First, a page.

How to comply with the Bill effectively?

According to the Indian Express, it is high time the country thought about the way of dealing with all the complaints which might be lavished on the authorities with regard to the Personal Data Protection Bill which has been drafted for three years already.

Considering the amount of applications submitted and requests based on individual cases of personal data security violations, the proposed Data Protection Authority (DPA) which is being designed under the Bill, will face problems dealing with a huge number of such requests from entities. It boils down to simple math – the Indian Express offered an example in which 2.6 billion of transactions made annually may result in minor discontent – for instance, if at least 0.5% of them become reason for a complaint, there will be about 13 million such cases every year. The authority will not be able to process all of them.

Read more about recent data breaches in India: BEML sensitive data leaked, 7 million Indians got their data affected, HCL leaks confidential data, State Bank of India fixes an unprotected server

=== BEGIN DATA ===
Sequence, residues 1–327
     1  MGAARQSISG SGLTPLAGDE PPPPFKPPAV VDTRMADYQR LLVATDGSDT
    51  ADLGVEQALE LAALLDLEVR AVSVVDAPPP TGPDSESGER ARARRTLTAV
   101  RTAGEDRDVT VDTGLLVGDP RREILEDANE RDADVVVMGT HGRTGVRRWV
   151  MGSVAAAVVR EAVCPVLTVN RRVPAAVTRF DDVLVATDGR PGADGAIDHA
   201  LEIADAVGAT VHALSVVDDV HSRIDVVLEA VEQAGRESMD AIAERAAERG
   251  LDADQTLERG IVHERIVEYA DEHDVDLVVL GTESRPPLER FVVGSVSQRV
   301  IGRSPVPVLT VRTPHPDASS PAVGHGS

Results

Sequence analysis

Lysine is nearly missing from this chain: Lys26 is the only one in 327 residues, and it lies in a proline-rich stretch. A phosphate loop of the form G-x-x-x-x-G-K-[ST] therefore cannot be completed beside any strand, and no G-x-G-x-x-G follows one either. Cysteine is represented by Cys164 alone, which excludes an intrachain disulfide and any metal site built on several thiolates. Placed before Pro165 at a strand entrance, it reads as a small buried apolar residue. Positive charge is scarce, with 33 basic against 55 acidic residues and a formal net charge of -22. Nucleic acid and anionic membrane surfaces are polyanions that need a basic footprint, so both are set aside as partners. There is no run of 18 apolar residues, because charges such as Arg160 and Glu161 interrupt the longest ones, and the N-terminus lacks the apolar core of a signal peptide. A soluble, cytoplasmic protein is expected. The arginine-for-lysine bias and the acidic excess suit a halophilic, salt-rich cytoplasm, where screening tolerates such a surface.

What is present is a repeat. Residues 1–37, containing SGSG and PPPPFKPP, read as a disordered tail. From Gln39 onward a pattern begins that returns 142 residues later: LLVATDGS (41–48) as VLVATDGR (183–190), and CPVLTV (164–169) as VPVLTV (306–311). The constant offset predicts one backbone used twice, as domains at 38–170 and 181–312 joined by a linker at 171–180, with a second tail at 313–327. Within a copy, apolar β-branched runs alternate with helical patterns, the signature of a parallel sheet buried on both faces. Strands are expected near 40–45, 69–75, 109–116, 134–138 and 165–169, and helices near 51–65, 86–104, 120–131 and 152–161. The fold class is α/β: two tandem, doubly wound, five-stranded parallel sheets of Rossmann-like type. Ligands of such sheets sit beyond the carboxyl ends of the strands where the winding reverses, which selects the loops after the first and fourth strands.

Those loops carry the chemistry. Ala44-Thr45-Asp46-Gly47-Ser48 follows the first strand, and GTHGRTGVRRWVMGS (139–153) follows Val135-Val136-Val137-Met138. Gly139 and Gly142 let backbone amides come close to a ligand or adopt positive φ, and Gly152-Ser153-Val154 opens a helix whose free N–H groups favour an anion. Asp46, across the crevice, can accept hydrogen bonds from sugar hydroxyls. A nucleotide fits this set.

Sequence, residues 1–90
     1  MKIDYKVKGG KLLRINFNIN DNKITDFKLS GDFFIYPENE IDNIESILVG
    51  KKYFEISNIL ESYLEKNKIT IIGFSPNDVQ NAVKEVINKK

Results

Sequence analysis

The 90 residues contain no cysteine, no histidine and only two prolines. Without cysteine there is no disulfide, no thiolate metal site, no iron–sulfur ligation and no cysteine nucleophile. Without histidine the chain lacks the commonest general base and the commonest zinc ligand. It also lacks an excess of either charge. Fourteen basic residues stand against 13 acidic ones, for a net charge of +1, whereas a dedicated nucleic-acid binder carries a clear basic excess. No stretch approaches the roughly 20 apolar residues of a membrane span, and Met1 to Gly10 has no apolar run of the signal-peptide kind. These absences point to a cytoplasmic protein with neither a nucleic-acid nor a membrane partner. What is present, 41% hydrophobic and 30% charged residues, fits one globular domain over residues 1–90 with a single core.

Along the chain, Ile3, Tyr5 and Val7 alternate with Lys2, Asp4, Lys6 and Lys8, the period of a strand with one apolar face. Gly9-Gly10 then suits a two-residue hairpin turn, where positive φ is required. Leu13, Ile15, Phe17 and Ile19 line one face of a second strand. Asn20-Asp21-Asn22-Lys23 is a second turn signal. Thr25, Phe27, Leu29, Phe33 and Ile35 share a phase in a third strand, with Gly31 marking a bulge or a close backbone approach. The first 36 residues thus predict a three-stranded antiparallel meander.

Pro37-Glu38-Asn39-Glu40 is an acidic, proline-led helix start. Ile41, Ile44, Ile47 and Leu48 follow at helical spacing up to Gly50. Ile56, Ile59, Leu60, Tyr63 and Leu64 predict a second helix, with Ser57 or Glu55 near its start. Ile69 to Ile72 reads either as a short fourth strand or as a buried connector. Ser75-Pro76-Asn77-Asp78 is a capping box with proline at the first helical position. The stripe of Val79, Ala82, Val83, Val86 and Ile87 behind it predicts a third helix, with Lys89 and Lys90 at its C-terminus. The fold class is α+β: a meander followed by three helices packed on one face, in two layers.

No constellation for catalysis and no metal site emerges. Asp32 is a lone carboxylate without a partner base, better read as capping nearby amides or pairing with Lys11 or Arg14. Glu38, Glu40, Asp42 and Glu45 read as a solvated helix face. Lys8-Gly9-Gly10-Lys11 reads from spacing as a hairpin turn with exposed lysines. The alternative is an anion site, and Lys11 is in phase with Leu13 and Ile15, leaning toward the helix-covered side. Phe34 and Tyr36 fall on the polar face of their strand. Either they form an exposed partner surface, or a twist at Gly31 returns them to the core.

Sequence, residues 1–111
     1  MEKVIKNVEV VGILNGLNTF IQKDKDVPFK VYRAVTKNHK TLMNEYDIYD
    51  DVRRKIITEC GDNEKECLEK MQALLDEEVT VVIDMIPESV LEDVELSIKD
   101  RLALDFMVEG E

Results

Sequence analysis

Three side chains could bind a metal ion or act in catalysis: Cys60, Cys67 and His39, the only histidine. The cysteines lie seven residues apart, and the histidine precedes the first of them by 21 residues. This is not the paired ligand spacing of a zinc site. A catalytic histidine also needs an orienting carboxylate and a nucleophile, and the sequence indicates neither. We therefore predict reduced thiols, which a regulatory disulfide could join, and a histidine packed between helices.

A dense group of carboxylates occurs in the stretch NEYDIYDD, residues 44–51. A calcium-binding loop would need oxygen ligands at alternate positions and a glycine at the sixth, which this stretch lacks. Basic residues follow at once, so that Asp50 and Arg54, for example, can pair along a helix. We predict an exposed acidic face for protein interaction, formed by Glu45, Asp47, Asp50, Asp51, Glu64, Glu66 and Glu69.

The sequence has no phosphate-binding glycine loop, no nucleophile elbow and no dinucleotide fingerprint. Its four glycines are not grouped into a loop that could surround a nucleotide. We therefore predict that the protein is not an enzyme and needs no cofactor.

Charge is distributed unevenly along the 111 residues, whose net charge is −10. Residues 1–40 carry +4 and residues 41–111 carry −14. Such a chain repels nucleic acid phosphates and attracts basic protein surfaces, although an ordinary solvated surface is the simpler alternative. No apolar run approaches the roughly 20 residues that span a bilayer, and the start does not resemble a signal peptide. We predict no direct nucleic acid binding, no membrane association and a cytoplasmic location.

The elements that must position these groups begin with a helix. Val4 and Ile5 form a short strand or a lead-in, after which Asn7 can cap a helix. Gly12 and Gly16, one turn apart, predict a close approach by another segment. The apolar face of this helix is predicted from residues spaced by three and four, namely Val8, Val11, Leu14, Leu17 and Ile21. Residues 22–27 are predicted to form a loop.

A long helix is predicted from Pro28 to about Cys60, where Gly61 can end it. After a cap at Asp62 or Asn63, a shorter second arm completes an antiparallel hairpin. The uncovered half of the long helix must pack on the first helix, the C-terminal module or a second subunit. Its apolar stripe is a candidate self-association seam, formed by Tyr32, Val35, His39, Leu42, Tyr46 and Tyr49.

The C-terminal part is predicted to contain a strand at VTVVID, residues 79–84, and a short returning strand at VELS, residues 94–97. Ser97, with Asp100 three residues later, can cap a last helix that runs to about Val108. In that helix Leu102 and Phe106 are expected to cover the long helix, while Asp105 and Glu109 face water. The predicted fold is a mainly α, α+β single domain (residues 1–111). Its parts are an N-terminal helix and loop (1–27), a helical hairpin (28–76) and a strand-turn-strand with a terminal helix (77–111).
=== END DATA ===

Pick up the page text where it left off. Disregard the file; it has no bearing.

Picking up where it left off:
In point of this it is advised that a standalone Data Protection Ombudsman tackles these grievances. It will be possible to ensure redress as it can be the only objective to achieve. Continuous interaction between the Ombudsman and the Authority can improve the work of the DPA providing intelligence collected while processing complaints.

As the Indian Express emphasises, “…important details, like the terms of appointment, jurisdictional scope, and procedure for hearings, are, however, left to be decided by the central government” and aren’t yet determined in the draft. There’s also no indication in the Bill at whether any mediation preceding the adjudication process is allowed. The creation of a network of local facilitation centres was recommended by a task force in order to guarantee technology-enabled redress for everyone, including individuals in rural areas.

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